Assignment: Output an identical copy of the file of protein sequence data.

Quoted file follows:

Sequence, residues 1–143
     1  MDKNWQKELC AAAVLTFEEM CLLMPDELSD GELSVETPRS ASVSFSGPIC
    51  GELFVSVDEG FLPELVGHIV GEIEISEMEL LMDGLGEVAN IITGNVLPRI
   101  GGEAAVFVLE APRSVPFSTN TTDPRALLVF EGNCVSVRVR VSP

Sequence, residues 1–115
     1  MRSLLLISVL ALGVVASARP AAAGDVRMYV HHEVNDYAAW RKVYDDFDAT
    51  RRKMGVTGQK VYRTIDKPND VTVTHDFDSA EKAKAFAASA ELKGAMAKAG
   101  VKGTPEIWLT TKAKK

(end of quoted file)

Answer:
Sequence, residues 1–143
     1  MDKNWQKELC AAAVLTFEEM CLLMPDELSD GELSVETPRS ASVSFSGPIC
    51  GELFVSVDEG FLPELVGHIV GEIEISEMEL LMDGLGEVAN IITGNVLPRI
   101  GGEAAVFVLE APRSVPFSTN TTDPRALLVF EGNCVSVRVR VSP

Sequence, residues 1–115
     1  MRSLLLISVL ALGVVASARP AAAGDVRMYV HHEVNDYAAW RKVYDDFDAT
    51  RRKMGVTGQK VYRTIDKPND VTVTHDFDSA EKAKAFAASA ELKGAMAKAG
   101  VKGTPEIWLT TKAKK